Elaine’s two sons were diagnosed with autism spectrum disorder (ASD) on the same day
‘I was suffering from really bad anxiety . . . but I needed to focus on the two boys’
Elaine Hanrahan with her sons, Noah and Daragh. Photograph: Cyril Byrne
Noah and Daragh Hanrahan. Photograph: Cyril Byrne
Both of Elaine Hanrahan’s sons were diagnosed with an autism spectrum disorder (ASD) on the same day in May 2014 – bringing six months of stressful waiting to a close.
“I was working full-time and I was coming to the realisation that we were dealing with not only one but possibly two with ASD,” she says, her voice breaking at the memory of that period between applying for an assessment of need for the two boys and getting the diagnoses.
Meanwhile, she and her husband, Brendan, were researching everything they could about autism to get an idea of what they might be facing.
“I couldn’t cope with work,” says Hanrahan, who had to take leave from her job as a book-keeper with the National Learning Network. “I suffered from really bad anxiety and depression as well. I needed to focus on the two boys: what to do and what to put in place for them.”
Although they have the same condition, Noah (six) and Darragh (four) are very different. Noah has a lot of sensory issues, is inclined to hand-flapping and is very, very shy. Darragh is very social but has challenging behaviours. “When he can’t cope with a situation he lashes out; Noah would be more of an anxious type – hands over the ears,” she explains.
Darragh’s diagnosis, at the age of two-and-a-half, was severe, level three, while Noah’s was level two, moderate.
Although Noah was deemed “moderate”, it was his diagnosis Hanrahan found harder to accept. While she had known that Darragh, although initially a “textbook baby”, was a bit different from the age of about 13 months, she says about his older brother: “I think I was in denial for a long time and I really thought it was just a speech and language impairment.”
She noticed around age two that Noah wasn’t really talking. “He was getting on with life but not really engaging; he had a couple of words here and there.”
‘Boys are lazy’
When Noah was three and due to start preschool, she really struggled to toilet train him. But at least, she thought, being with 12 children in a class, his speech would come on.
In the end it was a speech and language therapist who suggested to Hanrahan that she apply for assessment of need for him, as well as Darragh, and that was how they ended up being done in parallel.
Once the diagnoses were official, Hanrahan threw herself into researching what the boys were entitled to get in the education system and what supports there might be for them as parents.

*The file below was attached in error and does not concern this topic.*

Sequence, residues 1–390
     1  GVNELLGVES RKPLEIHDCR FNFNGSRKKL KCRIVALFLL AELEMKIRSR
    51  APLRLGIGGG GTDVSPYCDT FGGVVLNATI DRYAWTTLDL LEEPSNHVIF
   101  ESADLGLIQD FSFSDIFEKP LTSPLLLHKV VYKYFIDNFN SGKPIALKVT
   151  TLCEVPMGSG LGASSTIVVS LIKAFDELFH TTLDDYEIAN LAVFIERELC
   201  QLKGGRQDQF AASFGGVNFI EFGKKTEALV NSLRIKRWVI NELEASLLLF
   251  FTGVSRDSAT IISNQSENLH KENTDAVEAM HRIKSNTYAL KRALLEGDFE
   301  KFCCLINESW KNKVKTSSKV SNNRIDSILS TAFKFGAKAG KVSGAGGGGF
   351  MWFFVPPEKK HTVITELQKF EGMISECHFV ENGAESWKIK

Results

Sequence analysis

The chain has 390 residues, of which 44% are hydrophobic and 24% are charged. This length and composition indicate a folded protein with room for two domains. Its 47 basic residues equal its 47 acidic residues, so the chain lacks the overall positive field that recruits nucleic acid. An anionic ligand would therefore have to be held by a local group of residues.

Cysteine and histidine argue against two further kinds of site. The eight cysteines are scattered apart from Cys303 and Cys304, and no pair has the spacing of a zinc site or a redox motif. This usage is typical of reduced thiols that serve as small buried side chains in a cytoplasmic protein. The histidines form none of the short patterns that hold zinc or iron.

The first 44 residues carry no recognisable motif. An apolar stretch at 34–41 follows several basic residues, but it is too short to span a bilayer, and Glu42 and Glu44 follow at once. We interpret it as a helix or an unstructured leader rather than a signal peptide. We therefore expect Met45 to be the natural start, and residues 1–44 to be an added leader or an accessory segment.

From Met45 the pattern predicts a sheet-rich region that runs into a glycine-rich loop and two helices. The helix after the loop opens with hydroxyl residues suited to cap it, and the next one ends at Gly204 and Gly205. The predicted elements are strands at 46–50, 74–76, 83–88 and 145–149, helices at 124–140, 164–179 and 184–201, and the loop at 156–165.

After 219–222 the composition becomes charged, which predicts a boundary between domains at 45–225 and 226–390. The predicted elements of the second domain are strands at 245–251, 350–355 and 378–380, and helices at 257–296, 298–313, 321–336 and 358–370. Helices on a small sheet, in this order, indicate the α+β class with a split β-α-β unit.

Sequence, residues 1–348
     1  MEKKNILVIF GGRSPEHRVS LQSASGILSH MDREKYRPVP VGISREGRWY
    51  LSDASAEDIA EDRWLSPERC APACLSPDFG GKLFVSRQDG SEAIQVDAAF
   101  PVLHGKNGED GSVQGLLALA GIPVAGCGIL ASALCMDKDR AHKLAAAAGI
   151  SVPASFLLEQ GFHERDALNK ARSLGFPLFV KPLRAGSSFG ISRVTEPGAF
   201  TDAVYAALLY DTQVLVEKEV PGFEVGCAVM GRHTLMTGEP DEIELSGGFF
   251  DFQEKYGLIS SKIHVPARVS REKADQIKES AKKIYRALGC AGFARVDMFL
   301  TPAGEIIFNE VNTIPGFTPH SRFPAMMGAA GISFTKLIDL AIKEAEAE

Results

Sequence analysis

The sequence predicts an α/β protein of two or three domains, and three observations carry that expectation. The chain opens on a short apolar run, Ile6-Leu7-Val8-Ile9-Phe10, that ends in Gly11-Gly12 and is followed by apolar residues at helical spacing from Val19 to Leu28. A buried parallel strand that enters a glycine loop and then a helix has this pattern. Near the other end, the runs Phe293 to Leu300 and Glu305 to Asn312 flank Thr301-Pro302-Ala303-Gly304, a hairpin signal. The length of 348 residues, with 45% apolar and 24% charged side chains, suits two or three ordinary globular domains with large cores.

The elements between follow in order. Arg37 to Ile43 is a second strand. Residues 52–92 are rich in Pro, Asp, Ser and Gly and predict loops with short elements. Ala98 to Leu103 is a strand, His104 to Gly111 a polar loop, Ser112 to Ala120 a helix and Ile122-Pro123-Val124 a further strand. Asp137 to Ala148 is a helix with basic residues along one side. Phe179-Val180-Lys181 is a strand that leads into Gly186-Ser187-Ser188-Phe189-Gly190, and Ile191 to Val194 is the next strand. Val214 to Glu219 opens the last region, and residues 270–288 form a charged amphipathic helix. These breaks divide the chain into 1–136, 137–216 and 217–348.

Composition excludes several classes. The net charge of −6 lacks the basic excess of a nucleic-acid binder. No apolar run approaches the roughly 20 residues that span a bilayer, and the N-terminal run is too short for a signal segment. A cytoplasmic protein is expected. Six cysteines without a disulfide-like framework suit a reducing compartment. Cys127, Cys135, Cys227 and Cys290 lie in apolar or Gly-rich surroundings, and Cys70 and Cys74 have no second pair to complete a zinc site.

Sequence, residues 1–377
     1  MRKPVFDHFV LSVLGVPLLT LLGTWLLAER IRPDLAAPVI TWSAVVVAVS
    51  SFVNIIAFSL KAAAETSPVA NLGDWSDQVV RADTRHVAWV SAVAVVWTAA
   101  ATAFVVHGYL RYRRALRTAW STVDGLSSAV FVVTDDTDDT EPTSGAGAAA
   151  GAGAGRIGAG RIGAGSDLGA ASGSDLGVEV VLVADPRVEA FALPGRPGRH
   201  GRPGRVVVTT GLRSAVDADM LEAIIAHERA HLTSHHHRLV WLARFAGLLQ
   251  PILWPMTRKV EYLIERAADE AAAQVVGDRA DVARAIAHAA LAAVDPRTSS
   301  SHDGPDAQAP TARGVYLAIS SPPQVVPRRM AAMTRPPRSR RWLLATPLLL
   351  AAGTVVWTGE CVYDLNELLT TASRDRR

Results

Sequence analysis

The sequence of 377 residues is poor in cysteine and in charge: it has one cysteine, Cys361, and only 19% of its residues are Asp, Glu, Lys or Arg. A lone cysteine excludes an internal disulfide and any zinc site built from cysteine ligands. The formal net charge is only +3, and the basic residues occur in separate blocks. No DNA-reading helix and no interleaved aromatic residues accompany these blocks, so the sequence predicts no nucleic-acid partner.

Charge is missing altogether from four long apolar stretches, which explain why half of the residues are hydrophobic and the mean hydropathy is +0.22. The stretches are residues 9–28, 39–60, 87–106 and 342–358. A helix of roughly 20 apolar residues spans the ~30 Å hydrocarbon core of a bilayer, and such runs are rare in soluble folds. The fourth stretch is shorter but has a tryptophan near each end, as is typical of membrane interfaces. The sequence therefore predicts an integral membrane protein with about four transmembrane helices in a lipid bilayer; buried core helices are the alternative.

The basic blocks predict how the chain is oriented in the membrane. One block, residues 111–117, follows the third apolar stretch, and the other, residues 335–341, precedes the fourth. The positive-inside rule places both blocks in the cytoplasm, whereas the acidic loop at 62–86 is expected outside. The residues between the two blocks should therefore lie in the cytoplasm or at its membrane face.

Living in Newbridge, Co Kildare, the family found their local Special Educational Needs Organiser (SENO) very helpful. They were “lucky”, she says to get a place for Noah in a special ASD preschool. “He got on really, really well. There were six pupils, two SNAs and a teacher. He got the bus to school and back, giving him that little bit of independence.” His speech also improved.
Although there was no ASD place at a primary school in Newbridge for him the following year, the Educate Together school in Kildare town opened up six new ASD places and Noah was enrolled there.
“It is an absolutely fantastic school. His teacher, Hilary, is so on the ball and she totally gets the children,” says Hanrahan.
Meanwhile, Darragh, who was too young for preschool, got four hours a day of home tuition for a year. His tutor was trained in Applied Behaviour Analysis (ABA) and she used the Picture Exchange Communication System, which is very popular with non-verbal children. “It was like a lightbulb moment,” Hanrahan says of Darragh as he started to want to talk. When he turned three, he was no longer just pointing but using words.
Ups and downs
Although the boys have been allocated a key worker through the Network Disability Team, neither has received one-on-one occupational or speech therapy.
She believes Darragh has anxiety issues and that there are therapies that could help him. Noah has been put on a waiting list for speech therapy after being assessed at school but she expects it will be at least a year before he gets it.
Meanwhile, Hanrahan has got involved with autism support groups, such as Social Circle in Dublin 24 which runs events for ASD children and their siblings, and recently formed Kildare Autism Network. The two boys attend social skills classes every Saturday in Kill and a physical activities session for children with special needs in the local leisure centre every Monday night.
“I try to keep them as busy as possible and doing social things – as much as they can handle. You have to push to get them out of their comfort zones. If I gave in, we’d never go anywhere.”
Every day it is a matter of “staying one step ahead”, she says, thinking about what obstacles might lie ahead, taking into account the boys’ humour on that particular day and what might be done in the event of a “meltdown”. She uses pictures to explain to the boys what is planned, “because they are visual learners and seeing the pictures makes it easier for them”.
Hanrahan, who was disappointed that there was no way of recording the boys’ autism on the recent Census form, welcomes the setting up of the national autism registry. “They need that kind of data,” she says, and she hopes it will also highlight how well children with ASD can do, with the right supports. “They can give back to society and contribute like everybody else.”
She admits to worrying about what is going to happen when Noah and Darragh reach 18, but most of the time she believes in getting on with life and, “taking every hurdle as it comes”. The next hurdle is finding an ASD place for Darragh in a primary school from September, because “there is nowhere”.